Image Courtesy of Amazon.com
Amber Tamblyn …. Tibby
Alexis Bledel …. Lena
America Ferrera …. Carmen
Blake Lively …. Bridget
Jenna Boyd …. Bailey
Bradley Whitford …. Al
Nancy Travis …. Lydia Rodman
Rachel Ticotin …. Carmen’s Mother
Mike Vogel …. Eric
Michael Rady …. Kostas
Leonardo Nam …. Brian McBrian
Maria Konstadarou …. Yia Yia
George Touliatos …. Papou
Kyle Schmid …. Paul Rodman
Erica Hubbard …. Soccer Pal Diana
If one were to peruse the message boards of the Internet Movie Database for The Sisterhood of the Traveling Pants, it’d chock-full of posts from plenty of heterosexual guys proclaiming their liking of this film. Its par for the course considering that this film is considered a “chick flick” whose appeal is centered on teenage girls and fans of the book by Anne Brashares. It may not have the testosterone inducing power of a film like Predator, but The Sisterhood of the Traveling Pants isn’t merely a good “chick flick.” It’s a good movie.
Sisterhood follows four best friends and their adventures apart during a pivotal summer in their lives.
Tibby (Amber Tamblyn from television’s Joan of Arcadia) is working at a large chain store, filming her own video in an attempt at trying to showcase some sort of grand vision about life. She is assisted by Bailey (Jenna Boyd), a girl who manages to force her way into being her assistant. Lena, played by Alexis Bidel, is visiting her family in Greece. Lena meets a boy her family disapproves and she can not help but be fascinated by. Blake Lively is Bridget, the athlete of the group. She is spending her summer in Mexico at a soccer camp for elite soccer players. Bridget has a romantic liaison of her own with a coach at her camp. America Ferrera rounds out the cast as Carmen. Carmen is spending the summer with her father and is thrown for a loop when his brand new family is introduced into the equation.
United by a pair of blue jeans that somehow manages to fit the unique body type of each, this is a story that could have resorted to a lot of the sort of comedy from unintelligent teen comedies like American Pie and the imitators it spawned. The blue jeans are mailed to each location after a (certain amount of time) and serve as the story’s main driving arc. We get to visit each girl for an allotted time (they each have a week with the pants) and each story progresses further once each girl gets her respective turn with the pants.
As a plot device, it works well. There is just enough time to develop the story arc for each girl without losing focus of the other three storylines as well. But the focus is primarily on Carmen and Lena, with short diversions to the other two girls. There’s a lot to work with for the other two storylines that seems uneven. Kwapis has quality direction, but it isn’t even-handed.
In an ensemble movie with lots of moving parts, he has crafted a good story about the changes in life that affect the outcome of life. The movie does suffer at times from slow spots in the second act and some pacing issues sporadically that take away from the story as well.
Sister of the Traveling Pants is a movie about the sort of changes that occur between youth and adulthood; it’s also a lot more intelligent than teen movies about change have been in the past decade. The cast really helps bring this movie alive. There is a strong chemistry between the four that radiates off the screen; there is a strong sense that these four are (or could be, at least) good friends. They have a natural timing with one another that is hard to duplicate.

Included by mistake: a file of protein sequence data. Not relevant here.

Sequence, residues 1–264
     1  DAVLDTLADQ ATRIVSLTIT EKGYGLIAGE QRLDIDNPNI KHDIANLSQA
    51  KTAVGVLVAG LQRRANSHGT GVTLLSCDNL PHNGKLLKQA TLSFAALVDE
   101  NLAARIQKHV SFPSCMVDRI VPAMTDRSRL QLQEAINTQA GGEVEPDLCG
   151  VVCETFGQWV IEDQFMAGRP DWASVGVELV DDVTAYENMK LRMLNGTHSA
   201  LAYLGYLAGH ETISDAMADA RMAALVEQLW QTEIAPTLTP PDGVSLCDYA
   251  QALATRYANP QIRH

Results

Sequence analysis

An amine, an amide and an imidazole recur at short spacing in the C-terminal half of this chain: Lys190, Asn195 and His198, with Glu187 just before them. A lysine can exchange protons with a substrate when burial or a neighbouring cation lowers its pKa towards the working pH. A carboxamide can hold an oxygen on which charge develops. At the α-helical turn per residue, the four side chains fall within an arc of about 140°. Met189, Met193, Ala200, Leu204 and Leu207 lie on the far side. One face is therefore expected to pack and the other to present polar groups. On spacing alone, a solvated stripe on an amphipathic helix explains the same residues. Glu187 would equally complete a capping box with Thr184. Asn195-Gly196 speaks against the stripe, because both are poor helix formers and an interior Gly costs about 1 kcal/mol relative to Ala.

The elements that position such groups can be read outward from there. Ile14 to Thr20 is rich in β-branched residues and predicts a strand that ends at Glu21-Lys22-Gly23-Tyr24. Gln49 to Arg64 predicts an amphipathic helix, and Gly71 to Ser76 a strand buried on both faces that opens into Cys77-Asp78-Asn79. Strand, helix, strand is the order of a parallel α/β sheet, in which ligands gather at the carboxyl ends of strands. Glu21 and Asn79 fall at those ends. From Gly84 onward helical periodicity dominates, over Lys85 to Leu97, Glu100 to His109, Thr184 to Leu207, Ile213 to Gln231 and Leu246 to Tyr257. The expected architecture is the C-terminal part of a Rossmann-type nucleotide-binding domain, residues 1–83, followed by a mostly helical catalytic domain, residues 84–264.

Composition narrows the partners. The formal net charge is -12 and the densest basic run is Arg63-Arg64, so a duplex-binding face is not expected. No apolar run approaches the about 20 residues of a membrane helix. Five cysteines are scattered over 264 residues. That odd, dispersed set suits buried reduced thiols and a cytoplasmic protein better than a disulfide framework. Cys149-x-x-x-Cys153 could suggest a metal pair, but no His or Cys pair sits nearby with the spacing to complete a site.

All four characters have interesting personality quirks that normally would drive people apart from being friends and turn them into the bonds that unite them. It’s a wonderful tale of youth, maturation and the bonds that unite and strengthen people.
Score : 8 / 10
Presented in a Widescreen format with a 1.85:1 aspect ration, the film looks great. It’s a great transfer with vivid colors.
Presented in a Dolby Digital 5.1 surround sound, Sisterhood sounds fantastic. For a film that relies more on dialogue, the score comes through loud and clear and makes it an enjoyable DVD experience.
Additional scenes are deleted and otherwise unused scenes with additional commentary by Ken Kwapis. Short and sweet, the deleted scenes really didn’t add much to the film and it’s easy to see why they weren’t included in it.
Fun on the set is a featurette with behind-the-scenes gags and laughs. Featuring the four women, it’s fascinating to see the four react off camera as they do on camera. There’s a real sense that there is a friendship off screen as there is on screen. It is a lot of fluff, to be totally honest, but at the same time it’s a different look at an ensemble cast. The way they interact with each other is fascinating and sincere and runs around four minutes in length.
Suckumentary is a rough cut of Tibby and Bailey’s documentary. Running around seven minutes, it’s an interesting little featurette included.
Sisters, Secrets, and the Traveling Pants is a featurette where you get to see and hear the gal pals as they watch selected scenes and talk about them. While Blake Lively isn’t there due to a missed flight, which the three remaining ladies call her and place her on the speakerphone to explain, the trio goes through some of the film’s more influential scenes and talk about it. Nothing of real importance is said, but the chemistry between them is amazing. Running around 17 minutes, it’s interesting to see the women talk about the film.
A conversation with author Ann Brashares is a featurette featuring the book’s author. Running around t minutes, it focuses on Brashares’ ideas on how she came up with the idea of the pants. Developing the idea of the pants around a different concept of how she wanted to portray young people, the cast and crew come in as well to discuss the story and the book.
Score : 10 / 10